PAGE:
One idea for a Bar or Bat Mitzvah who is celebrating around the time of Passover, is to learn about the Haggadah, create your own commentary and illustrations and create a Haggadah. I was recently reminiscing about a bat mitzvah i attended many years ago, that took place before the holiday of Passover. The Bat Mitzvah girl had researched Haggadot from the medieval ages, as well as various commentaries on the Haggadah. She compiled her work into an interesting Dvar Torah and visual presentation. She did a great job and it was interesting to listen to what she learned. She additionally designed her own Haggadah with commentary by hand. As a gift I gave her a gift of my framed Splitting of the Sea II, given the subject matter and connection to the time period.
Create a Haggadah-Haggadot Project
At the time, this Bat Mitzvah, compiled her Haggadah by hand. For young men and women who might be interested in doing something similar, today there is the Haggadot project. This is a non-profit project to compile personal or organizational Haggadot. This seems to be a continuation of the open Haggadah project, although I am not sure about that. There are video clips, pictures, and text resources on the site as well as sample Haggadot that you can use or use in part. You can additionally add your own.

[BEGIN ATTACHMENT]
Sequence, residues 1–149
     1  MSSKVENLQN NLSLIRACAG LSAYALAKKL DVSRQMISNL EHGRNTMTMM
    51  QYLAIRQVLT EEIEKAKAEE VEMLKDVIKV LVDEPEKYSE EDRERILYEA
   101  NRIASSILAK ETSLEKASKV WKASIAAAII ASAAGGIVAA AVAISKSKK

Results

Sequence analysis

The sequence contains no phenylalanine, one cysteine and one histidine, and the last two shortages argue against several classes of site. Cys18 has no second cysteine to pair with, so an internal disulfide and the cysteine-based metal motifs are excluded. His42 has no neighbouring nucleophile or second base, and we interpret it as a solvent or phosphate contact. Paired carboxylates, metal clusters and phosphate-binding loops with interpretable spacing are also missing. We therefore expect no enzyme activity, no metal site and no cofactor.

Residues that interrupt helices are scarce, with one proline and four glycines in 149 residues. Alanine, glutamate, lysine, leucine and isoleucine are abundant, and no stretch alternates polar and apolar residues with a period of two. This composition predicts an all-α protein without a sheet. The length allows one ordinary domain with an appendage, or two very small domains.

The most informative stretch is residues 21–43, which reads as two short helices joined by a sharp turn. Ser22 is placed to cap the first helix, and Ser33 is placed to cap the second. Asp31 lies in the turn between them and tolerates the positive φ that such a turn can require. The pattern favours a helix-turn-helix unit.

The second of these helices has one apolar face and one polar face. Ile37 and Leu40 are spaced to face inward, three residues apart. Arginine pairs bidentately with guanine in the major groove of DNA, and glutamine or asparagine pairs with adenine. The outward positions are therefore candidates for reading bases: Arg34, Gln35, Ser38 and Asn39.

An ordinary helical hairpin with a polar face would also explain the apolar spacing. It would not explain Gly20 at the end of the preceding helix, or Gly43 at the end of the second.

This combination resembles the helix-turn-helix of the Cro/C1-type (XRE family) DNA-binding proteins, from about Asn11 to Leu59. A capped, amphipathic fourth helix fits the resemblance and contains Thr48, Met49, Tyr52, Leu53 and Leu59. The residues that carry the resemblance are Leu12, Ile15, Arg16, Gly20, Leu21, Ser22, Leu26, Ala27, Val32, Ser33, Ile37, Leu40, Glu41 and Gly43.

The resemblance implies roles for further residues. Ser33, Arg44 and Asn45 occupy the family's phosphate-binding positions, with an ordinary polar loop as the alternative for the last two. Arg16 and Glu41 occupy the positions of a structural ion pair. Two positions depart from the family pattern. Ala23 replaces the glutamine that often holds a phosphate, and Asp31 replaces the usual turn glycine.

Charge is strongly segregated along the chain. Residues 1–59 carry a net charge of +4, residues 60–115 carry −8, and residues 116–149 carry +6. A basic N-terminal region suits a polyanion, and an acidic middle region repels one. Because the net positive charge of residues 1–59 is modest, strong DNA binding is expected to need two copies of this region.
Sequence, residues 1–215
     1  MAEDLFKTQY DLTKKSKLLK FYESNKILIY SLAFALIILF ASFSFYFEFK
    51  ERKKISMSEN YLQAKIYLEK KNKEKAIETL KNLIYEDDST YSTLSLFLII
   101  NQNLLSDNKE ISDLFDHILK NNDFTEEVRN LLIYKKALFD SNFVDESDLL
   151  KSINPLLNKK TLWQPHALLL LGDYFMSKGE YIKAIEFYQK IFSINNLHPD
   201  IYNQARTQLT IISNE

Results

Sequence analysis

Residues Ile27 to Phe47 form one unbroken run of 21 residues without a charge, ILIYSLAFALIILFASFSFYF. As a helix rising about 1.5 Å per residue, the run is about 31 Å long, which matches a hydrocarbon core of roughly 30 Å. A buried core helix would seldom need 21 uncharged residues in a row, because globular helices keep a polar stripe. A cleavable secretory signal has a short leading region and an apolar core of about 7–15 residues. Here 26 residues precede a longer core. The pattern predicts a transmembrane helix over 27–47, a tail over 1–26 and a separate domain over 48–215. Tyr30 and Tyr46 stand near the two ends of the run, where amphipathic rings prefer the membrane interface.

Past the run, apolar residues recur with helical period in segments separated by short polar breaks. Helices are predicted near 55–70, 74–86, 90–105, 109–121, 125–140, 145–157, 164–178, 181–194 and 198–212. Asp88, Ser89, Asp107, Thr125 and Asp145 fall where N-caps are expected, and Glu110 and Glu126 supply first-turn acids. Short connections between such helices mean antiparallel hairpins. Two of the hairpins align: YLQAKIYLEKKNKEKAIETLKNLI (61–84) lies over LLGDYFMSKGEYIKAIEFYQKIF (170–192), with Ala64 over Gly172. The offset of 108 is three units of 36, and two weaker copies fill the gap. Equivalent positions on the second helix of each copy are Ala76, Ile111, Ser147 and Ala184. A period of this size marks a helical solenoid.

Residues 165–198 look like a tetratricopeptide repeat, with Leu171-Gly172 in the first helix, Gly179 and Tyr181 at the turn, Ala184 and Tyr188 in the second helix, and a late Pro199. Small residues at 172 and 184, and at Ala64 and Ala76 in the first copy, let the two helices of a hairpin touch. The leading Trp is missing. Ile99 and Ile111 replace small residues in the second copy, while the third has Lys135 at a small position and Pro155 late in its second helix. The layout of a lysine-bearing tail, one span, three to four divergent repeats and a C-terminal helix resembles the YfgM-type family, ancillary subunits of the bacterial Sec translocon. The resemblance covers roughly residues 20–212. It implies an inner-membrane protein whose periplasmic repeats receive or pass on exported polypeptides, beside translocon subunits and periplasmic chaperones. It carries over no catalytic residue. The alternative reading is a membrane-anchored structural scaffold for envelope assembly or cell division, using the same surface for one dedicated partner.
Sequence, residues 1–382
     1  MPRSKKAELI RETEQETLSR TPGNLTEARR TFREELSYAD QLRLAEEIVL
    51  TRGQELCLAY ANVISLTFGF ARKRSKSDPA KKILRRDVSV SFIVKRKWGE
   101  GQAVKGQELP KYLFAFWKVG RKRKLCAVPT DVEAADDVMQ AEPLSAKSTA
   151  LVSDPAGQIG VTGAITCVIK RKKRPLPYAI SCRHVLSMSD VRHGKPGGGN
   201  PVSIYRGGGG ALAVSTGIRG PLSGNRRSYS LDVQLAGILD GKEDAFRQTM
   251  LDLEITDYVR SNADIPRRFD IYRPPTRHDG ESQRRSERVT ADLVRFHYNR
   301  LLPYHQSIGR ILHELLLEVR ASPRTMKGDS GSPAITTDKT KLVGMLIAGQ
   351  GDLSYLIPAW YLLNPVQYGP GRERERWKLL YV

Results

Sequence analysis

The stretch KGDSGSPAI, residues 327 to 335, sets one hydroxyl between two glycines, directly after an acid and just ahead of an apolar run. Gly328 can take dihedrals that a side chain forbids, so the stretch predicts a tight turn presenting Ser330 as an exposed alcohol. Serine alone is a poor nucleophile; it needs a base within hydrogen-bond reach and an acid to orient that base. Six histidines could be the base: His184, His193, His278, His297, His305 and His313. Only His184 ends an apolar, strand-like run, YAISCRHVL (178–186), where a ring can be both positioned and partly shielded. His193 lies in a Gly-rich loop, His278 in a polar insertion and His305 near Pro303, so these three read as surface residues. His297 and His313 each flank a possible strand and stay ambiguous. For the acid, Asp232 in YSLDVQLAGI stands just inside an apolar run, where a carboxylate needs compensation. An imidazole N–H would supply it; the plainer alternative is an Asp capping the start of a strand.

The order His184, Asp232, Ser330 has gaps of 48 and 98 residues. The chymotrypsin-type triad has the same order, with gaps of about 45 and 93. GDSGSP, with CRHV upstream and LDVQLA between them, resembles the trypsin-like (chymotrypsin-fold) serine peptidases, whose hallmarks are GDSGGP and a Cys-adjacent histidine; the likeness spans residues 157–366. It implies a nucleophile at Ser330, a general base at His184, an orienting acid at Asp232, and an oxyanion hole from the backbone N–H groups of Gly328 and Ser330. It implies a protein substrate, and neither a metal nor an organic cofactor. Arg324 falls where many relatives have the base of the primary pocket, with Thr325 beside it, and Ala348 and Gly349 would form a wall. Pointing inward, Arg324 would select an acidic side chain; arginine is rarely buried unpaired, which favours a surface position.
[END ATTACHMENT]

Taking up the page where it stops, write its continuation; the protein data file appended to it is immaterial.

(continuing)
Since this Haggadah would be a learning opportunity, the young man or woman could use contemporary Haggadot for ideas, and learn how to cite them. We have a number of reviews of Haggadot on our site, such as Rav Mitch Hefetz’s Haggadah, the Ethiopian Haggadah, or the artistic Szyk Haggadah. These can serve as a starting point for ideas. There are also some great books about the history of the haggadah, when texts were added in and historic illuminations. Some of my favorites are the Polychrome Historical Haggadah, Jacob Freeman and Yosef Haim Yerushalmi’s The Haggadah and History. There are a growing number of others in Hebrew as well.
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